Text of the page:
Share with friends:

S2E27: MTHFR and Other Gene SNPs

This week I want to start a mini-series of talks  about other gene SNPs with or without MTHFR.

I actually want to start it out with a disclaimer, and this is something that you’ve heard me say before, but it bears repeating.  

You are more than your genetic report, and just because you have a polymorphism in a gene doesn’t actually mean that it’s causing problems in real life.

We like linear ideas in medicine because they’re easy to get our heads around. Linear ideas like this polymorphism does this concrete thing in a predictable and repeatable way. The truth, however, is that most of the genes we are talking about are part of a complex web of overlapping functions. There are loops and redundancies and always, always, at least 15 ways to do the same thing. This means that linear in medicine is largely a myth. It’s a popular myth, but a big fat lie none the less. In truth, all of these processes are more like a web and pulling one strand might lead to a tension on the other side of the web, might pull four or five unexpected places, and might have no impact because of other strands that are being pulled at the same time. The tremendous forces that shaped and designed your body have had eons to perfect it, so you are far more vast and strange than you have ever believed yourself to be.

I feel like Ben Lynch summed this up really clearly in his book Dirty Genes. He gets really clear that genes can BE “dirty” in that they have polymorphisms of some kind, or that they can ACT “dirty,” meaning they’re perfectly average wild-type genes but some environmental or life stressor is causing them to act like they have polymorphisms.  LIkewise, genes with polymorphisms can ACT “clean” if your lifestyle and nutrition around that gene are optimized.  

This acting clean is precisely why we’re talking so much about balancing methylation, because balancing your methylation means your MTHFR polymorphism becomes silent – the MTHFR gene is now acting “clean.”

This is really important for two reasons.The first, is that it’s easy to get caught in the trap of trying to fix a piece of paper and disregarding your symptoms and how you feel as a human in the process.  What I mean by this is that people start to take supplements for gene SNPs, even when it’s unnecessary and cumbersome becasue they’re paying more attention to what the genetic report says than to what they feel in real life.

You are more than your genetic report

What you feel in real life always trumps genetic reports, always.  It’s entirely possible to have a gene SNP that is normalized already by nutrition and lifestyle so it isn’t causing harm, but taking a supplement for that gene might cause harm in that pathway or elsewhere.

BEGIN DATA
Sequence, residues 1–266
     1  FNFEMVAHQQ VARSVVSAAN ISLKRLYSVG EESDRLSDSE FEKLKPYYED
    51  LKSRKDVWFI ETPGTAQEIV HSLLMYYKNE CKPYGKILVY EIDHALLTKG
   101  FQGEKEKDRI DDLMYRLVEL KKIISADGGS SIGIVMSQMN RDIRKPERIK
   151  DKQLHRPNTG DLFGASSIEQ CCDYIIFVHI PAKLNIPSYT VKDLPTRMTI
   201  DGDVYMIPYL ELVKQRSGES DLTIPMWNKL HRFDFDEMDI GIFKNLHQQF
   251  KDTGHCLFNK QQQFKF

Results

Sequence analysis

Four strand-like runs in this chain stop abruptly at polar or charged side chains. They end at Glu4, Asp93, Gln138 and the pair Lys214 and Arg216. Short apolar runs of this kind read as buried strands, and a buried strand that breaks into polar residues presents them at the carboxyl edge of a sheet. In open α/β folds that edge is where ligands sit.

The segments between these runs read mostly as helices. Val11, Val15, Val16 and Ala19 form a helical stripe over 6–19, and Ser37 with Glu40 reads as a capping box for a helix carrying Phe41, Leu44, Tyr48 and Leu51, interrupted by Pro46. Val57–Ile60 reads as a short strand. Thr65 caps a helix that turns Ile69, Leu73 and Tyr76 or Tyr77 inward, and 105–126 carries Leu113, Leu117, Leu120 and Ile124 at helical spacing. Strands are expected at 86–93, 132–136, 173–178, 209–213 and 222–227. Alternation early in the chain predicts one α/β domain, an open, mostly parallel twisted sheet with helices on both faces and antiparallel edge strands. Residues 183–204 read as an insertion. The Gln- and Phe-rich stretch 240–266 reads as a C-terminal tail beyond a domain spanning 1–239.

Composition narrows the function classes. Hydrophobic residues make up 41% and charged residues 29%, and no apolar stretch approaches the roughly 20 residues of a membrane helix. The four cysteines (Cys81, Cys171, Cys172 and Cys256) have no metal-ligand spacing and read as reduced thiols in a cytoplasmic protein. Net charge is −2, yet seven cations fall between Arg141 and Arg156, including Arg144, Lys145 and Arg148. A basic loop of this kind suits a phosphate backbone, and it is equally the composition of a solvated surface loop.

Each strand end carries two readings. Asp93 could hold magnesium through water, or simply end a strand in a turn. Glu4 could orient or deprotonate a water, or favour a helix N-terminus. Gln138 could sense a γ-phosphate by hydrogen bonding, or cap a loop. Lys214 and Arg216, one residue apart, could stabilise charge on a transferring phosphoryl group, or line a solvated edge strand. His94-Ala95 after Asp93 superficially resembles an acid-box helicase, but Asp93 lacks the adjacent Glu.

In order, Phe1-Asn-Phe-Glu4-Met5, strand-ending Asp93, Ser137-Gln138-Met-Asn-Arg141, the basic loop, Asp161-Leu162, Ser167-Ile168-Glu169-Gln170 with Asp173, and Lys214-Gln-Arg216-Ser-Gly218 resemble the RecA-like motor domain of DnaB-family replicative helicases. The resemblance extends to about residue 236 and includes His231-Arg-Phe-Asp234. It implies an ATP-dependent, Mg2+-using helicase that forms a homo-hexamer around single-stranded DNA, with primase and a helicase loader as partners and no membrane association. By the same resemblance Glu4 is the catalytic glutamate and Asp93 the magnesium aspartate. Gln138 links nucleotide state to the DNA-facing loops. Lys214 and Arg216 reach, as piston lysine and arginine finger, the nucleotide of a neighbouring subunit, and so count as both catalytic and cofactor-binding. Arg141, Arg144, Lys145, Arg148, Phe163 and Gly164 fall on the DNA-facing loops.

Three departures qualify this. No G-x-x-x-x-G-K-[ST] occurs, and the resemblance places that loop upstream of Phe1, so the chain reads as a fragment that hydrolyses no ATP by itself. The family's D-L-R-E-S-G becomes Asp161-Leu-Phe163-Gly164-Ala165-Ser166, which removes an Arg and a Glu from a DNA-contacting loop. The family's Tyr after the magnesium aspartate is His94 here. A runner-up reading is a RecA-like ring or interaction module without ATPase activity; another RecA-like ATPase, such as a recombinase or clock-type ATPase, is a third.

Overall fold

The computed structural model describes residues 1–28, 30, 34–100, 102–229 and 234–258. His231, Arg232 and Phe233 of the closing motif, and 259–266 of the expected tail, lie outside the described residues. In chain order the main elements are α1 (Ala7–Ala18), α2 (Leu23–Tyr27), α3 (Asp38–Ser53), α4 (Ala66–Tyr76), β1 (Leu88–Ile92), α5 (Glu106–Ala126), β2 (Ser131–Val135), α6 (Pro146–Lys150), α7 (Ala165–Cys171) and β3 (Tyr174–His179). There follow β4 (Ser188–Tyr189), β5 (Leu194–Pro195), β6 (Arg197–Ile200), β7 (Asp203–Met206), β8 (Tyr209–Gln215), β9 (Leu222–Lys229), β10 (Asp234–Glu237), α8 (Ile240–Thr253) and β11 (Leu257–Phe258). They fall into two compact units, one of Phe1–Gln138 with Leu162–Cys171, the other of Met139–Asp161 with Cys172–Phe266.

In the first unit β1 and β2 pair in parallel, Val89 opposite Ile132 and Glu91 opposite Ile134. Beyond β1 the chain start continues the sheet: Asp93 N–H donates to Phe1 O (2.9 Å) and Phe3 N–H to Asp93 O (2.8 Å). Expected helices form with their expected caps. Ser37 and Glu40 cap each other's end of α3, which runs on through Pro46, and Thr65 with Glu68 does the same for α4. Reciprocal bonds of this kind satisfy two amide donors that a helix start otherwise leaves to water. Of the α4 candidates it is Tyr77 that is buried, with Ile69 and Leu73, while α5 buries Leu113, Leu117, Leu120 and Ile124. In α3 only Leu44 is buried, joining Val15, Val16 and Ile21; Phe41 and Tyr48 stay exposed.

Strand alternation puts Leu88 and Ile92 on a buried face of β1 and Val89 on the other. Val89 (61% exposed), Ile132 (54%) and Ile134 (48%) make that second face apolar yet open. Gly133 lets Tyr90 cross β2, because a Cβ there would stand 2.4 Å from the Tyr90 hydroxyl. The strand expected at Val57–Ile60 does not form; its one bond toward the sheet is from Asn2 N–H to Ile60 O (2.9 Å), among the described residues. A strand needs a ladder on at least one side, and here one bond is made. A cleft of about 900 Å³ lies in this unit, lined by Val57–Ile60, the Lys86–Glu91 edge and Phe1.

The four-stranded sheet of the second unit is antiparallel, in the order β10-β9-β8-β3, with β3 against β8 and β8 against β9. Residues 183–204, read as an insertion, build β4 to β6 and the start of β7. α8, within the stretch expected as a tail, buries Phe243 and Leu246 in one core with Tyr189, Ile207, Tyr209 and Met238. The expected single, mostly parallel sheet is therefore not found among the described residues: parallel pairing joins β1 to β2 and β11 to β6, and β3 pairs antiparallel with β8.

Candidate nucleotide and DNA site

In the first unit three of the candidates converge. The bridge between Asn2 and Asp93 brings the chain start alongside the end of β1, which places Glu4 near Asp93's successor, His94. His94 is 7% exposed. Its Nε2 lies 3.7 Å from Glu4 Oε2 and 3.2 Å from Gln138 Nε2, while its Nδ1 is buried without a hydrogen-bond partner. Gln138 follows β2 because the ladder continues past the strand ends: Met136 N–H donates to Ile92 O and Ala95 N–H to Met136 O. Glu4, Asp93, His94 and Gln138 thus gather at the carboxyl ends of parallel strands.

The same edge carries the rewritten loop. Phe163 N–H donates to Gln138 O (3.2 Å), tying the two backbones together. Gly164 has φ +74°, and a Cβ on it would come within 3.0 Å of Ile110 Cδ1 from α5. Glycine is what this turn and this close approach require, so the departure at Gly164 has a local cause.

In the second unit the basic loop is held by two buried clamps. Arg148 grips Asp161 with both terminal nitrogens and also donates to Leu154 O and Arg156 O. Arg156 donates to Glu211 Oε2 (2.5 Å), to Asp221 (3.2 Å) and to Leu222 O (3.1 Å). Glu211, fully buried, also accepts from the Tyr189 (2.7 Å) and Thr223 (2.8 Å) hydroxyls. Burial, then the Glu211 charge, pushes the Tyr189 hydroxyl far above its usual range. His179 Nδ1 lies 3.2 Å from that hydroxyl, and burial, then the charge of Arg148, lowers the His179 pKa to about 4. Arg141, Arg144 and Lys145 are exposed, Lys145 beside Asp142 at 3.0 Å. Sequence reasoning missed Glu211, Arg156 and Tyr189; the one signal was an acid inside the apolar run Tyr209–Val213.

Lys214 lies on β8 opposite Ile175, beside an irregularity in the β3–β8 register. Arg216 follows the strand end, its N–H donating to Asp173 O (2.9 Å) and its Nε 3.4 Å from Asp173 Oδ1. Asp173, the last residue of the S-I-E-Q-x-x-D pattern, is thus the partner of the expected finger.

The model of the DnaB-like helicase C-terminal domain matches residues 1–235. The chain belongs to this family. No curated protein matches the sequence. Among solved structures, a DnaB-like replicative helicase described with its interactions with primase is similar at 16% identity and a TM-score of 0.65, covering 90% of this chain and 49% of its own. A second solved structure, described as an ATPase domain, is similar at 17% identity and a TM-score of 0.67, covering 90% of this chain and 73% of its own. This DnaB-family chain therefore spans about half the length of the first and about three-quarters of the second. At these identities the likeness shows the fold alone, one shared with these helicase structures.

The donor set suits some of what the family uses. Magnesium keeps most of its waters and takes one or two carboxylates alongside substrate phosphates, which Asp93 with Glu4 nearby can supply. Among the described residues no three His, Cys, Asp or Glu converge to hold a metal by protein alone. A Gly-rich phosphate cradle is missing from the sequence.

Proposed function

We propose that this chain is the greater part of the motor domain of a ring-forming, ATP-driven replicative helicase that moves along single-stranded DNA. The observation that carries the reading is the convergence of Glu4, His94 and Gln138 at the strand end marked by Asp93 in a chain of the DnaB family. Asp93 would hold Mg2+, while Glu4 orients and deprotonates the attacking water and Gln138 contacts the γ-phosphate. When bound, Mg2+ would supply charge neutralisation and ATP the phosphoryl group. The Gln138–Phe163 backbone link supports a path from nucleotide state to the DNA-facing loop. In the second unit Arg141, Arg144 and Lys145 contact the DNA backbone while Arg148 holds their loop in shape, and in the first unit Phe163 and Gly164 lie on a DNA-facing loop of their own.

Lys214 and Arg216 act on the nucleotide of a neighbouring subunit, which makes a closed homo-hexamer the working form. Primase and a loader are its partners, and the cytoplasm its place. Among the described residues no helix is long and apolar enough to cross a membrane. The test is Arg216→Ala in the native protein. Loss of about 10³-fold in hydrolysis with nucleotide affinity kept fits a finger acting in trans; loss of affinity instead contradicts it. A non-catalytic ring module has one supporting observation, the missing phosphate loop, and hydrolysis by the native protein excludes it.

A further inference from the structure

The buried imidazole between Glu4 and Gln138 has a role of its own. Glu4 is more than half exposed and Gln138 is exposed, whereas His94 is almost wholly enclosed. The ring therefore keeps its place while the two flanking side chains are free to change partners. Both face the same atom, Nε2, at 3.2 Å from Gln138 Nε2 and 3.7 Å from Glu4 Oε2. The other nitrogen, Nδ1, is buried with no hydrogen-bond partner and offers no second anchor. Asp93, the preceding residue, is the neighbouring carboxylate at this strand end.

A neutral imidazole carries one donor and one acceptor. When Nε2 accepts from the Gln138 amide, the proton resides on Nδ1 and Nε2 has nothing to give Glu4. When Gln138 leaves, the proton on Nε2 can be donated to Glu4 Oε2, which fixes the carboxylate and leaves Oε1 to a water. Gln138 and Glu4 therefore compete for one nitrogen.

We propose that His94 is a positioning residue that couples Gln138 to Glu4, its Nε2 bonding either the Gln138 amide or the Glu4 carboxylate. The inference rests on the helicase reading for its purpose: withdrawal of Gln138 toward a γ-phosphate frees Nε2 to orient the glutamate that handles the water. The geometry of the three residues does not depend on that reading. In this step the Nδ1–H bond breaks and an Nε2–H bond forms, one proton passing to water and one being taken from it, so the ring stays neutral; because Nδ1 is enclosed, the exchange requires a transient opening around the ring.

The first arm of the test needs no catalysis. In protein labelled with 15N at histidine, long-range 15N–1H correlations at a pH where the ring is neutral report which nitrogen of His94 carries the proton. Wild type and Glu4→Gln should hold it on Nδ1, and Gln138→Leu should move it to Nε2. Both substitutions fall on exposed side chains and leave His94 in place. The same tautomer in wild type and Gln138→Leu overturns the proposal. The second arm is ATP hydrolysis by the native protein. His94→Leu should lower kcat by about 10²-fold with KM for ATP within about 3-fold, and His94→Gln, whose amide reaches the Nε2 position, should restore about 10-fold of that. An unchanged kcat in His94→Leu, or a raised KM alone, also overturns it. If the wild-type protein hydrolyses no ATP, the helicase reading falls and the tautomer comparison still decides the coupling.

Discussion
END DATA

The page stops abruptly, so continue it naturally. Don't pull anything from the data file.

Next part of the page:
The other reason is that not all of us have genetic reports.  It’s entirely possible to work on the symptoms that you’re having that sound like a “dirty” gene without actually knowing what the gene SNP is on paper.  At the end of the day, what’s on paper isn’t the point. The thing we’re working on is how you feel as a human.

So each week we’ll discuss a different polymorphism, the symptoms you might see with that polymorphism and some beginning steps about how to work with that.  Also, we’ll talk about how it relates to the MTHFR gene because MTHFR really is foundational to all of this.

What I do want to make clear is that following the basic steps to balance your methylation will help you to balance 85% of the rest of this as well.  There are a few particulars that might take extra steps, but if you’re following the plan, you’re already working on all of the cycles that interconnect with the methylation pathway. You are already working on everything relating to folate, methylation, glutathione, neurotransmitter formation, and circulation via nitric oxide.  Balancing methylation even helps with many detoxification-related processes and hormone balance.  So if you’re following the plan, you’re 85% of the way there and now you just need to refine with details. 

That is exactly why the foundations of this journey are so important. What are the foundations, you might ask? The foundational steps are:

If you’ve done those things you are 85% and possibly even more of the way there. After that, it’s all little detail things but a solid foundation is set.

So, for the next three months, buckle your seatbelts because we’re going to start a whirlwind tour of commonly tested gene SNPs, what they do, and how to work with them.